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J Perinatol. 2018 Nov;38(11):1496-1502. doi: 10.1038/s41372-018-0218-4. Epub 2018 Sep 11.

Prevalence and safety of diazoxide in the neonatal intensive care unit.

Author information

1
Department of Pediatrics, Duke University School of Medicine, Durham, NC, USA.
2
Duke Clinical Research Institute, Durham, NC, USA.
3
Pediatrix Medical Group Inc., Sunrise, FL, USA.
4
Department of Pediatrics, Duke University School of Medicine, Durham, NC, USA. rachel.greenberg@duke.edu.
5
Duke Clinical Research Institute, Durham, NC, USA. rachel.greenberg@duke.edu.

Abstract

OBJECTIVE:

Diazoxide is used to treat infants with persistent hypoglycemia, but the prevalence of its use and adverse effects are not well described. We report demographic and clinical characteristics of infants treated with diazoxide in neonatal intensive care units (NICUs).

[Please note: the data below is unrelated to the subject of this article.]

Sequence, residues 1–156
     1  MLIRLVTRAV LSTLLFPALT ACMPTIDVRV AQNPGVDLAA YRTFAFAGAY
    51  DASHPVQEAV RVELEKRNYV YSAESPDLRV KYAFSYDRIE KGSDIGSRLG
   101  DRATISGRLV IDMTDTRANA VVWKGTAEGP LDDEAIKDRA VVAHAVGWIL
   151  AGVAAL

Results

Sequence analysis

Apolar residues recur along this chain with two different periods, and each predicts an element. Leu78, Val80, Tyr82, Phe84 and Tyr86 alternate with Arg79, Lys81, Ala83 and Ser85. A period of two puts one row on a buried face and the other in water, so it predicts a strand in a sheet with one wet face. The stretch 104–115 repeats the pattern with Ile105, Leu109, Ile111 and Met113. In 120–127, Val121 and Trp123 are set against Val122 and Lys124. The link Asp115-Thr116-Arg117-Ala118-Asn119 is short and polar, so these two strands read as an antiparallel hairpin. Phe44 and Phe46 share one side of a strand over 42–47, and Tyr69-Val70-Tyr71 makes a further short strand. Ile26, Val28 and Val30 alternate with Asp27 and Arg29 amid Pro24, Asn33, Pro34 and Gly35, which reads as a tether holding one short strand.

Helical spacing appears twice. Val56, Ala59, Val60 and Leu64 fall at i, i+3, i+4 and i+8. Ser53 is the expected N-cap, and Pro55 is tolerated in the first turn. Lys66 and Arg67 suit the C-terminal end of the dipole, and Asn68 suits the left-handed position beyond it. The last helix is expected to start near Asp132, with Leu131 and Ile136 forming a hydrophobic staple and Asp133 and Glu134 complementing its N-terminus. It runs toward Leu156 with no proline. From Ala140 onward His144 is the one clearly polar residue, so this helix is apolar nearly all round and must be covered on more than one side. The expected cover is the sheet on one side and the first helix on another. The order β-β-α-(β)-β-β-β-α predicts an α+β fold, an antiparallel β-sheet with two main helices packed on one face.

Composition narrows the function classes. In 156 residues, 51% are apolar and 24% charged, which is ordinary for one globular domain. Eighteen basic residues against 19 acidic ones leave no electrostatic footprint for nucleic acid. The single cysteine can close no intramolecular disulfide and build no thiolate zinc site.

STUDY DESIGN:

Retrospective cohort study of infants 24-41 weeks' gestation admitted to 392 NICUs from 1997-2016, comparing characteristics between hypoglycemic infants exposed/not exposed to diazoxide. For diazoxide courses > 1 day, we report percentages of infants starting diuretics and/or developing new ventilator/oxygen requirement during therapy.

RESULTS:

Among 1,249,466 infants, 185,832 had hypoglycemia; 1066/185,832 (0.57%) received diazoxide. Diazoxide use increased over time (P = 0.001). Infants receiving diazoxide varied from 0-14.9% among centers. New diuretic courses were associated with 91/664 (14%), and new oxygen or ventilator requirement during therapy was associated with 64/556 (12%) and 34/647 (5%), respectively.

CONCLUSIONS:

Diazoxide use in NICU settings has increased over time. Infants receiving diazoxide commonly received diuretics.

PMID:
30206345
PMCID:
PMC6224295
[Available on 2019-03-11]
DOI:
10.1038/s41372-018-0218-4

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